What to do when you’ve been refused access into a place providing a service for having an assistance or Guide dog
What to do when you’ve been refused access into a place providing a service (e.g. hotel, restaurant, bar or supermarket) for having an assistance or Guide dog
The Equality Act 2010 is quite clear with regards to a service provider providing
‘Reasonable adjustment’ for anyone with a disability to access their premises and have the same experience as any other consumer. In our experience at Enhance the UK we find that people with assistance dogs unfortunately do often get access refusals. The company are breaking the law and this guide is an outline for the steps you could take.
So what do you do if you feel you’ve been discriminated against by a service provider not making these reasonable adjustments and allowing you and your assistance dog the same access rights as any consumer?
- In the first instance it’s important to get the name of the manager and any members of staff involved in this access refusal, so either call up and get the details afterwards or get someone else to go help getting the information for you.
- Once you have these details you then have two choices on how to take this further, and it depends on the severity of the discrimination and also your own feelings on what recourse you want from the service provider.
- Firstly you can try to contact the manager directly either by phone, email or a personal visit. You should prepare to explain how you felt discriminated and what you think the organisation should have done. In most cases the manager will take this seriously and give you a satisfactory conclusion.
- If you feel that you want to take this further, or having contacted them first they have shown no interest in taking steps to improve their access and services for you then you need to write a letter directly to the company. A handy template can be found on the Equality Advisory Service website: Template letter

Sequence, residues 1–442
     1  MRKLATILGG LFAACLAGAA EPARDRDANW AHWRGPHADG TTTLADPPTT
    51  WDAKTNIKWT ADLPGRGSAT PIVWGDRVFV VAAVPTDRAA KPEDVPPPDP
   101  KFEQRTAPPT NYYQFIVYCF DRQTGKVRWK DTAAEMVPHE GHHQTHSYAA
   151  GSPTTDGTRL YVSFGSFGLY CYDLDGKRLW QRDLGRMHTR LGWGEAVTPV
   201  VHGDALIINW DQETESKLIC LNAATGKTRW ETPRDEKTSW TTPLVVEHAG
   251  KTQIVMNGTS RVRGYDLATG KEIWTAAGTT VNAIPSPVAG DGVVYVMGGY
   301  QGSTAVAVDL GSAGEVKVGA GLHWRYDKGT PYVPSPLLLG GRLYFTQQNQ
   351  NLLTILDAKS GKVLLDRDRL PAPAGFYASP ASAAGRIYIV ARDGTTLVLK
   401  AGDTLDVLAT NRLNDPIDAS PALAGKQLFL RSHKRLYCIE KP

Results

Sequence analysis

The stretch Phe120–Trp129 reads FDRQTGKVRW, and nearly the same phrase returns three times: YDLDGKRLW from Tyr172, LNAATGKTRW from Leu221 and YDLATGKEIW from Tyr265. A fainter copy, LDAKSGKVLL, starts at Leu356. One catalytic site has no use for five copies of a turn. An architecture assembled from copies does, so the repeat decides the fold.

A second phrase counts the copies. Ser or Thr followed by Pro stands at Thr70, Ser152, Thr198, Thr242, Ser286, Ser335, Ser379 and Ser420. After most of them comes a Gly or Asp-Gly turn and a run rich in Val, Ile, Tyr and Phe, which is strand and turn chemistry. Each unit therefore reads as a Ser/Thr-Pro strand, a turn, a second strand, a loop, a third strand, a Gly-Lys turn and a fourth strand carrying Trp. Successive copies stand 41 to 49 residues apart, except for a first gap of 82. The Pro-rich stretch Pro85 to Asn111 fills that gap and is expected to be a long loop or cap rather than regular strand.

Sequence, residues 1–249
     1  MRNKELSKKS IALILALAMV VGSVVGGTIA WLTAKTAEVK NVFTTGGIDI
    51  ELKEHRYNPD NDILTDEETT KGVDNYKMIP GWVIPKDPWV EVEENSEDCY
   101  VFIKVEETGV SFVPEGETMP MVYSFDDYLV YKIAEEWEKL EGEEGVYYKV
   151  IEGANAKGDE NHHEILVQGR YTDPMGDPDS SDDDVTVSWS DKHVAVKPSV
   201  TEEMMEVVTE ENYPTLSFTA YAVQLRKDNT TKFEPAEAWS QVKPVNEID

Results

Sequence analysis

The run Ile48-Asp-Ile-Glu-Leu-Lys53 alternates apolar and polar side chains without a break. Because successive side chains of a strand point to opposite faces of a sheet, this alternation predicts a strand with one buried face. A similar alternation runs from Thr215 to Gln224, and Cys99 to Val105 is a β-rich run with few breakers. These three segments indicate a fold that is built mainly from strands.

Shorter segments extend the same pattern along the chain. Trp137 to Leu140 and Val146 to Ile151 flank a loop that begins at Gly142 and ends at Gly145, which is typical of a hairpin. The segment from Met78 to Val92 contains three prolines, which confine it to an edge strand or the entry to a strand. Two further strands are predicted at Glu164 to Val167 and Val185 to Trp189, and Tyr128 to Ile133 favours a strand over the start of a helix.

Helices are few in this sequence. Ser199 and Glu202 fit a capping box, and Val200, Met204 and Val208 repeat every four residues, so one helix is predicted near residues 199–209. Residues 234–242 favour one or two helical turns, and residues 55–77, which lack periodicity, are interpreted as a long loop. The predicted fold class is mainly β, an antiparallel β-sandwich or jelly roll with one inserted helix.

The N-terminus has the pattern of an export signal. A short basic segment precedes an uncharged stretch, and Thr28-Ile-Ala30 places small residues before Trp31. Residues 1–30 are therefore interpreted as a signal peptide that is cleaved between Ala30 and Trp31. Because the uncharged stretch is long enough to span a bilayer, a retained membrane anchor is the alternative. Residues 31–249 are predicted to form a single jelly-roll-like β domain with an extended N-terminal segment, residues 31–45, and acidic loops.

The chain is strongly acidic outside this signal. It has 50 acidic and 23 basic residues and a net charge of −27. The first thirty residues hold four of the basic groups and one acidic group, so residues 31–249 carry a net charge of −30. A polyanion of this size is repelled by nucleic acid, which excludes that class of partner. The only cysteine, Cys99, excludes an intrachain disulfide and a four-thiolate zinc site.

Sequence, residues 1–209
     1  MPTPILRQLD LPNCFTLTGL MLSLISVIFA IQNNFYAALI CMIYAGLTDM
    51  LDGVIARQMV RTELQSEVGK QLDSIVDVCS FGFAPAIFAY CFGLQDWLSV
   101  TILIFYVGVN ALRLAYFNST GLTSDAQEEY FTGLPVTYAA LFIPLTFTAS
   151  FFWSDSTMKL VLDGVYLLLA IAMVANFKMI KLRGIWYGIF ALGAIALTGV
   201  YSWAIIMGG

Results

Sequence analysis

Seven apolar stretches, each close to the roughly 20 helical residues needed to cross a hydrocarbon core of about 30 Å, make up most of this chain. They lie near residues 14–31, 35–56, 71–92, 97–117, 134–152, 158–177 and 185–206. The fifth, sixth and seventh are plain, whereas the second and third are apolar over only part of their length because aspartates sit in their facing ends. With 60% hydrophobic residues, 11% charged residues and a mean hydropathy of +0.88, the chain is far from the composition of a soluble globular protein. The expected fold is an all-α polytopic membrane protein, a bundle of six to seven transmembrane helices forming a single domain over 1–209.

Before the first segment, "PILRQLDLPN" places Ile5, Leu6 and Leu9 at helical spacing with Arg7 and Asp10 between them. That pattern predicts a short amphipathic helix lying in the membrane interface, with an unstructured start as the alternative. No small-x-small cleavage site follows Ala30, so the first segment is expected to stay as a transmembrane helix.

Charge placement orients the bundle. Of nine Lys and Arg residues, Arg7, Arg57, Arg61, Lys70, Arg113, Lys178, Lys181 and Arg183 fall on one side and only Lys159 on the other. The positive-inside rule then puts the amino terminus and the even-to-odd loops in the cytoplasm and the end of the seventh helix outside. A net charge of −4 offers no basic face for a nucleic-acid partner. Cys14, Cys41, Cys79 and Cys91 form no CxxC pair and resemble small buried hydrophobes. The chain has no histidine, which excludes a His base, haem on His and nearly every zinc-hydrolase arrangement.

- In this letter you should make it very clear how you were discriminated and refused access, and how you felt. You should also suggest steps they could take to ensure this doesn’t happen again e.g. staff training on assistance dogs, ensuring an assistance dogs sticker is prominently displayed etc.
- It is important to print out and post the letter (you can send an email as well) as you can send this via the post office to ensure it is signed for and received.
- You give the company 28 days to reply to your letter. If it is a large organisation and you know they have a social media presence, then you can also spread the word via their facebook or twitter profiles. It’s important not to be seen to slander the company, but you should feel comfortable contacting them through these channels. Social media is very powerful and you may find that you get a quicker response this way.
- Hopefully you will receive a positive response from the organisation after this time and you feel that they have taken your complaint seriously and taken steps to address this personally, and ensure it doesn’t happen again.
- If you feel that your case is serious enough and you have not had any positive response from the organisation, then you should think about seeking legal advice. You can get free advice on what steps to take from the Equality Advisory Service. You could also seek advice from your local Citizen Advice Bureau or the Equality and Human Rights Commission who could take direct steps on your behalf. Finally you could look to contact a private law firm who specialise in discrimination cases, there are many that work on a no fee no pay basis. The important thing to remember is that you’re not on your own, and there is plenty of free help and advice around to support you.
- Hopefully having taken these steps you have now given yourself the confidence to ensure that if you are ever refused access in the future, or receive discrimination from a service provider you now have the steps to take to ensure your complaint is taken seriously.
Further information can be found here:
Equality Advisory Service
Citizens Advice Bureau:
Equality and Human Rights Commission:
An essential guide for businesses on assistance dogs: